We learned to work as a team. Mostly, I learned to listen and follow instruction. To test how well a couple teams up give them a brand new BBQ in 50 pieces and poorly written instructions. The good ones will have it together in an hour laughing along the way. The ones who are still learning? Both will argue that their way is right. Both will give instructions. Neither will listen. The marriage will dissolve and someone will be threatened to be beaten to death with the unbuilt BBQ. It’s the same with furniture assembly and vacation planning.

Twelve years has taught us (me) that listening, not just hearing, is as important as doing. Of course, being weak to her Mind Tricks helps.

Crazier

Twelve years is a long time to be with the same person. You learn to find your own version of normal. It’s buying your own anniversary present because your wife is sick with the flu and can’t get out. It’s playing with said present (Bop It) and dancing like a drunk June bug to make her laugh. It’s knowing who is going to jump on the trampoline with the kids and who is going to plan the birthday party.

Kids have a tendency to make you a bit crazier than usual, too. Whether they entice you onto the kitchen dance floor, adorn you with macaroni jewels, or just plain refuse to go to sleep, you will find your own crazy and you will embrace it. Wear it proudly as if it were a crown.

Love

We have learned what sacrifices the other has made to help the family. Whether it was a move or using birthday money to pay a bill or going without sleep because of a sick kid, hungry infant, or worry. We learn to see what we do for each other. Whether it’s simple things like cooking, cleaning, or entertaining the kids. Or it’s big like planning a big party, support through a tough time, or a surprise outing. Also, having kids gives us a common enemy goal.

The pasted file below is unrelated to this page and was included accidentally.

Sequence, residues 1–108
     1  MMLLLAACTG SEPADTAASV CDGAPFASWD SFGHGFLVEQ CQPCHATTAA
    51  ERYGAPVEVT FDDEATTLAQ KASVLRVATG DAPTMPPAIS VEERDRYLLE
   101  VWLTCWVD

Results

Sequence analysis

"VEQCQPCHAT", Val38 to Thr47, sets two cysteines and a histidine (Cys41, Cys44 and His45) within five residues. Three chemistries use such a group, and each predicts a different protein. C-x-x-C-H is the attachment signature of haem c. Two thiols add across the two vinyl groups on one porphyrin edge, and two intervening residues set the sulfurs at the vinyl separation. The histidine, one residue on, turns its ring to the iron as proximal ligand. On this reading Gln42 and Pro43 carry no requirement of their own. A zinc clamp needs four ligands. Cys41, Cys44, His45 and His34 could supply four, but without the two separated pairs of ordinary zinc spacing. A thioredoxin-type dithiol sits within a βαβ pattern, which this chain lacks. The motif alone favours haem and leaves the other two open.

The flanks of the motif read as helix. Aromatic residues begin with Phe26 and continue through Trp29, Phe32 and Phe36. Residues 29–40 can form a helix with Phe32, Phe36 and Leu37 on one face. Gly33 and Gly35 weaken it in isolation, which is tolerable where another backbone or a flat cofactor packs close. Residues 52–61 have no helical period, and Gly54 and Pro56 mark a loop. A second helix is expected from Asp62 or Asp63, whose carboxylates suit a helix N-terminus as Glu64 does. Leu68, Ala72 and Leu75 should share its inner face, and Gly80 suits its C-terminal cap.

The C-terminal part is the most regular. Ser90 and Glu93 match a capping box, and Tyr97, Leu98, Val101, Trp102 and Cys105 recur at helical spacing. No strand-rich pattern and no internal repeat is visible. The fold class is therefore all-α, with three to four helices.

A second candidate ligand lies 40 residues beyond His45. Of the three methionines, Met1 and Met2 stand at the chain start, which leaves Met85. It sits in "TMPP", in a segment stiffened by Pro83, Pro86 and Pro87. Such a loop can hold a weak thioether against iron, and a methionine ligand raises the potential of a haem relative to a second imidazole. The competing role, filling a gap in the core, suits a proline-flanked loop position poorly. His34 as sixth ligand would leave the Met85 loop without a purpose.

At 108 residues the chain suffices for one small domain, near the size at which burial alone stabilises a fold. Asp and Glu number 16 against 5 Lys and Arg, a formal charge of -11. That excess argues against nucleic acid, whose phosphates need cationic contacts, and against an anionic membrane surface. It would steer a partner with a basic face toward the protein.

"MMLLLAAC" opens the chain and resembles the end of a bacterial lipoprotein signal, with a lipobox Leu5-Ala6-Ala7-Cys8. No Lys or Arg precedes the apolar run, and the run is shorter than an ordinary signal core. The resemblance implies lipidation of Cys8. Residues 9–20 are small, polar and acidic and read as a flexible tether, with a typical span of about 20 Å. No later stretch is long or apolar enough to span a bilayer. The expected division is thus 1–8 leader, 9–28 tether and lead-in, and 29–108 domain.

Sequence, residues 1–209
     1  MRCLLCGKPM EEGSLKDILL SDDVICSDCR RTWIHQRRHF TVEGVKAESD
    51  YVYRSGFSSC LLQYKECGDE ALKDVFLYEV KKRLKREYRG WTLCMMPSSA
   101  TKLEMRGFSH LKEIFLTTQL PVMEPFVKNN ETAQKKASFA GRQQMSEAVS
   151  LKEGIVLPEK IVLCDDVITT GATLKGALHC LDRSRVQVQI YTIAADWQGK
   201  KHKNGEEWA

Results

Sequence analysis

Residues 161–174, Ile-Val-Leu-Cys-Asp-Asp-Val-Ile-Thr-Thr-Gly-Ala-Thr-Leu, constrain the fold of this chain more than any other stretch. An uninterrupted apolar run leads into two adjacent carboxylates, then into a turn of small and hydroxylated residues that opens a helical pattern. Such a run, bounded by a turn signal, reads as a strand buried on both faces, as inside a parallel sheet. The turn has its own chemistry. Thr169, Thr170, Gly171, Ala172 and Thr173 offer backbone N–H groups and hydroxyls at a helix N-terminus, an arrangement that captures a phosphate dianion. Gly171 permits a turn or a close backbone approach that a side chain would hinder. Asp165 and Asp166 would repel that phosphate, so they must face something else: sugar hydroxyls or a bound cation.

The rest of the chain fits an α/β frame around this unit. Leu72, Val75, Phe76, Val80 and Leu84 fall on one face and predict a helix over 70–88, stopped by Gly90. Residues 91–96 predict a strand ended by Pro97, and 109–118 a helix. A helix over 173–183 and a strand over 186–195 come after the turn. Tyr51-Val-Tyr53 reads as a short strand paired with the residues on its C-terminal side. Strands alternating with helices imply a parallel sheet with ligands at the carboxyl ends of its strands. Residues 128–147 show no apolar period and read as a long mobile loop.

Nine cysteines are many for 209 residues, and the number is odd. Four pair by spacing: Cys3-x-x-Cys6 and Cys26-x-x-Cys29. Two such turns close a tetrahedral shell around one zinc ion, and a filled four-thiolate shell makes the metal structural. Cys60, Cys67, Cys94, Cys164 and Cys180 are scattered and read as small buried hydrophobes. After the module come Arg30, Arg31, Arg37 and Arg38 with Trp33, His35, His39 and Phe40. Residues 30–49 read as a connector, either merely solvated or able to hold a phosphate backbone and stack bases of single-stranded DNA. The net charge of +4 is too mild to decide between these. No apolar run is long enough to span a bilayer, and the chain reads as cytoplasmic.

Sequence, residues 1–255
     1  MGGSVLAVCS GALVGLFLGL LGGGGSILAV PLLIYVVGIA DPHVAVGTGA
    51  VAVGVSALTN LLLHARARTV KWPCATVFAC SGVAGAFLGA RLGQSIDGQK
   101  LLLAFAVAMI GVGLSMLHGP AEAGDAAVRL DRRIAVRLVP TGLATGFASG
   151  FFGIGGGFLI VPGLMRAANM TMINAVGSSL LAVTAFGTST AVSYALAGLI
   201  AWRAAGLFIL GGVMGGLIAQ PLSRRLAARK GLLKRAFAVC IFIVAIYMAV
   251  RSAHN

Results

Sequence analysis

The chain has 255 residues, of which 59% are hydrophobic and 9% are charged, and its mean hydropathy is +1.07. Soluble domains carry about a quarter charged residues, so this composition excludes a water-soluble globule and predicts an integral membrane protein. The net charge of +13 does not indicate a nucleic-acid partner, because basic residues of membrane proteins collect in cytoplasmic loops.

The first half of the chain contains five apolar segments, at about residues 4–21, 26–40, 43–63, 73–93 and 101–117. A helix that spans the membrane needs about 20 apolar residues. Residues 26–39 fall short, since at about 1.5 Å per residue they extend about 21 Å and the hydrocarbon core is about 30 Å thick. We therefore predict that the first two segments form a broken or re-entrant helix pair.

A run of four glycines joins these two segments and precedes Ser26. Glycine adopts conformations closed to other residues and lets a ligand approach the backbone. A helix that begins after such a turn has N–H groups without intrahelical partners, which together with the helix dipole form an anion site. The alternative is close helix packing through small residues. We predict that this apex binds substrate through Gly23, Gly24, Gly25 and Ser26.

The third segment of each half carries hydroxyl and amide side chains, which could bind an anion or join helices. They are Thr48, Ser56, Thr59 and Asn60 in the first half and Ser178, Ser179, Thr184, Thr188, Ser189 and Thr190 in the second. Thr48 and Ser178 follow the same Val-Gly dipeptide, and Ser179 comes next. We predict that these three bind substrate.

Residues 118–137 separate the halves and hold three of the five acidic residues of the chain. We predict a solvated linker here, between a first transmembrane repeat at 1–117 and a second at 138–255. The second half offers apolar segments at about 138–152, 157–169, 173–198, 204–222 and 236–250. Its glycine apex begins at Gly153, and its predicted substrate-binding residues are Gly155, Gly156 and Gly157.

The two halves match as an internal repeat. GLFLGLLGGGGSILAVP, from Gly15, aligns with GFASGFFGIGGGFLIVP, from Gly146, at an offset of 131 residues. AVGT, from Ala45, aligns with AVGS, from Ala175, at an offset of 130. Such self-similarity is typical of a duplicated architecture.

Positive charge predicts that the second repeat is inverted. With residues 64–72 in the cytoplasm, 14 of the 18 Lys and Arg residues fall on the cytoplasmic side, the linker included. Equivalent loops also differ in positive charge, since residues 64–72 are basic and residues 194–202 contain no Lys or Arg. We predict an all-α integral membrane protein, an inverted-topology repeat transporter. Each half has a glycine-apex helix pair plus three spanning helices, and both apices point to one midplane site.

Though all we have learned over the past 12 years (14 if you count when we first met), I have learned the most. Some how I have hunch I’m not yet done learning.

Now come find and follow me on Facebook, Twitter, and Instagram

Being the Dad

It has been a work in progress, really. 40 years in the making. Skills like this don’t happen over night. It comes in tiny portions, miniscule lessons, an observation here and there, a pinch of know how, and a whole lotta luck. 

You don’t get to be a kick ass dad without having a kick ass dad to set the example. Some will tell you how it’s done. Others will show you. Either way, you know you’ve got a good one when you can look back on your childhood and realize that you dad just like your dad did. 

I was a patient kid. I’m a patient man, just like my father. He didn’t teach me to be patient, but I saw the value in it. I understood that it was virtue. Naturally, I lose my patience from time to time. Anyone who knows me knows I lose stuff. My patience shouldn’t be any different. We understand that good things come to those who wait. Work hard. Do your time and your time will come.